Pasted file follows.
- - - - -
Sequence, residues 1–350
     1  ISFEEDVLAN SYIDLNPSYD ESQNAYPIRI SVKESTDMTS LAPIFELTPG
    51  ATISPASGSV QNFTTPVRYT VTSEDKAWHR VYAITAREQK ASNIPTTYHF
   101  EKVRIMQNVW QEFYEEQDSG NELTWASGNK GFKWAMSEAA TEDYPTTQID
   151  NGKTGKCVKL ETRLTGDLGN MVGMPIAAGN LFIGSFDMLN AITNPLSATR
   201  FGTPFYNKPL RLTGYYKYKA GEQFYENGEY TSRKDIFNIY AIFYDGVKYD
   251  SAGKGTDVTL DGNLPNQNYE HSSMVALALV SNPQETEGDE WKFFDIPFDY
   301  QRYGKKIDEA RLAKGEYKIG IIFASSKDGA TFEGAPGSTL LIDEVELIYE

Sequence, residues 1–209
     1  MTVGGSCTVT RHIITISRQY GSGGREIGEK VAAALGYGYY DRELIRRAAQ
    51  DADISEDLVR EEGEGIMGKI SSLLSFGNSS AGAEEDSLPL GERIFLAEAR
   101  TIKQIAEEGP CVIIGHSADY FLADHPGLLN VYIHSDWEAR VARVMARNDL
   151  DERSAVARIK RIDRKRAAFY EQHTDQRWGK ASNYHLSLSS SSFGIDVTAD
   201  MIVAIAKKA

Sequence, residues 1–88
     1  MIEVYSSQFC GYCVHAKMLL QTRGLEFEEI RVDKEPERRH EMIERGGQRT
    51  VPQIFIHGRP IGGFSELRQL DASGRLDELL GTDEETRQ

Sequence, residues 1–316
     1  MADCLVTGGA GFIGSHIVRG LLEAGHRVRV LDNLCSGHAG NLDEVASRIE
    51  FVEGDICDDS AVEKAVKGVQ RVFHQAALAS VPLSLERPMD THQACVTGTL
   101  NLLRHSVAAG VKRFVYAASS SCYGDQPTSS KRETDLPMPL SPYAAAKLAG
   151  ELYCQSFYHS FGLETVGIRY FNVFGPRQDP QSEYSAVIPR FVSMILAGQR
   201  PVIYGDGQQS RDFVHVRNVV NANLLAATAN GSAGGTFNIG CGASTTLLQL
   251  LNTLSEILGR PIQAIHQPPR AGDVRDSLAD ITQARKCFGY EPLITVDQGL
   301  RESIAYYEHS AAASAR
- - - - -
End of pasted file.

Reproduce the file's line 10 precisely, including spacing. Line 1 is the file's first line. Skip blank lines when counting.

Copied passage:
     1  MTVGGSCTVT RHIITISRQY GSGGREIGEK VAAALGYGYY DRELIRRAAQ